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The US debt dispute is settled - US labour market in focus

In Washington, the compromise proposal in the dispute over the debt ceiling was approved by the Senate with 63 to 36 votes and can now be signed by US President Joe Biden. The averted US default will bring relief to the capital markets. The focus this afternoon will be on the latest labour market data in the US. Employment growth is expected to slow, which could give the Federal Reserve more room to pause interest rates. 

Alessandro Fezzi, LGT
Temps de lecture
5 minutes
Jobs sign
© Schutterstock

On the New York Stock Exchange, stock indices rose on Thursday. The Nasdaq 100 exited the month's opening trading 1.31% higher at 14'441.51 points. The Dow Jones Industrial rose 0.47% to 33'061.57 points and the market-wide S&P 500 closed at 4'221.02 points (+0.99%). Following the settlement of the debt dispute in Washington, the focus today is now on the latest labour market data from the US. These will be crucial for the direction of the Fed's monetary policy. Analysts are forecasting an average of 180'000 new jobs created in May, a significant slowdown from the 253'000 non-farm payrolls reported in April. Meanwhile, the ten-year Treasury yield eased further to 3.6%.

In the US industry, business sentiment dimmed in May. The much-watched Institute for Supply Management (ISM) Purchasing Managers' Index fell slightly more than expected to 46.9 from 47.1, signaling a contraction in US manufacturing for the seventh month in a row.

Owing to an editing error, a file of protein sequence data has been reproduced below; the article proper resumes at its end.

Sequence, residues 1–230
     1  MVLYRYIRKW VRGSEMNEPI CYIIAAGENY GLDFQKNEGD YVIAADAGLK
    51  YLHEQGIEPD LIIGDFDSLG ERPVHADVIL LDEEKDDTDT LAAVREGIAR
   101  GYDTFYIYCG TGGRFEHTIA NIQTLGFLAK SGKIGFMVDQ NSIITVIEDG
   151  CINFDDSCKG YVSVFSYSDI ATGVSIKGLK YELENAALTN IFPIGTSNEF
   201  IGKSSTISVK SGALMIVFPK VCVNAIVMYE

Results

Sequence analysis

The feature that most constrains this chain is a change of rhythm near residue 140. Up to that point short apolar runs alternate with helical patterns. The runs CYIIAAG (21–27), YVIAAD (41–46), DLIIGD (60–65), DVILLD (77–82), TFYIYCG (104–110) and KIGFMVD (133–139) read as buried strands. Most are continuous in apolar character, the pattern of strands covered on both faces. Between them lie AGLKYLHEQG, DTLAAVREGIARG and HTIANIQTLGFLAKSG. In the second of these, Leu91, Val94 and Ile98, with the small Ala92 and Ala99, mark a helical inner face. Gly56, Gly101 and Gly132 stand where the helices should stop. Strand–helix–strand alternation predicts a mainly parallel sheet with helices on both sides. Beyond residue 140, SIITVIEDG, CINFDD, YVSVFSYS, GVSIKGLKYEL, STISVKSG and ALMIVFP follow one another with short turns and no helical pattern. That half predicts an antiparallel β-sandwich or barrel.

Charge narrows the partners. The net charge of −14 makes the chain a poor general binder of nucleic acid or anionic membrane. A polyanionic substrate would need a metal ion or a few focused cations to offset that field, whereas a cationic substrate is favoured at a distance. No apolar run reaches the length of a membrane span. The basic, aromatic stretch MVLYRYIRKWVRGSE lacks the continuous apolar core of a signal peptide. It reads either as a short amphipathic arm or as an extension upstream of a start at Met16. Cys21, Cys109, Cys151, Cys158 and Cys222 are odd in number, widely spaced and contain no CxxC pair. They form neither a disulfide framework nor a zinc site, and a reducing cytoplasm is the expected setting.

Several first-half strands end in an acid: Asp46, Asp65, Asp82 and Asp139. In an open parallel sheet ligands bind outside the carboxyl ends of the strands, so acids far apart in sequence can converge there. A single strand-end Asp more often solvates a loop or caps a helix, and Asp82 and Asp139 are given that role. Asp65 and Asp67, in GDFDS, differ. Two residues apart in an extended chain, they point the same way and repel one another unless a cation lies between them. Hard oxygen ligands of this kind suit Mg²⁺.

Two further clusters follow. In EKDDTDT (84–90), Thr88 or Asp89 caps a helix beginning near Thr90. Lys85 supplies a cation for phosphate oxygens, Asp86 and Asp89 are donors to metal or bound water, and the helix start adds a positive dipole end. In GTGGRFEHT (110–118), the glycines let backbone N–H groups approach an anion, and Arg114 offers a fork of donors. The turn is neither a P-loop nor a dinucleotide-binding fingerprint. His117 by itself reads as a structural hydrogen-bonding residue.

Stock markets in the Asia-Pacific region were mostly higher before the end of the week. Hong Kong's Hang Seng Index rose 3.66%, leading gains across the region. In Tokyo, the Nikkei 225 gained about 0.6%. The Kospi in South Korea gained 1% after inflation fell to a 19-month low in May. The Shanghai Composite in mainland China gained 0.75% and the Shenzhen Component rose 1.5%.

Europe's main stock markets recovered some of their weekly losses so far on Thursday. The EuroStoxx 50 gained 0.94% to start the month. Meanwhile, inflationary pressures in the eurozone eased more than expected in May. Accordingly, the rate of consumer price inflation fell to 6.1% (consensus 6.3%) from 7.0% in April. On a monthly basis, consumer prices stagnated. Excluding energy and food prices, the core rate was 5.3%, down from 5.6% a month earlier. Despite the continued decline, inflationary pressures, especially in the core rate, are still likely to be too strong for the European Central Bank (ECB). Another rate hike is therefore expected on 15 June.

In the meantime, however, sentiment among industrial companies in the eurozone surveyed by S&P Global has deteriorated again. The purchasing managers' index fell for the fourth month in a row, from 45.8 to 44.8 points in May, and is now at its lowest level in three years.

Corporate news in focus: Richemont with annual figures and Alphabet's annual general meeting.

Economic data in focus: France industrial production April (08:45 CET) and from the US the monthly labour market report for May (14:30).


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Publisher: LGT Bank (Switzerland) Ltd., Glärnischstrasse 36, CH-8027 Zurich
Editor: Alessandro Fezzi
Source: LGT Bank (Switzerland) Ltd.

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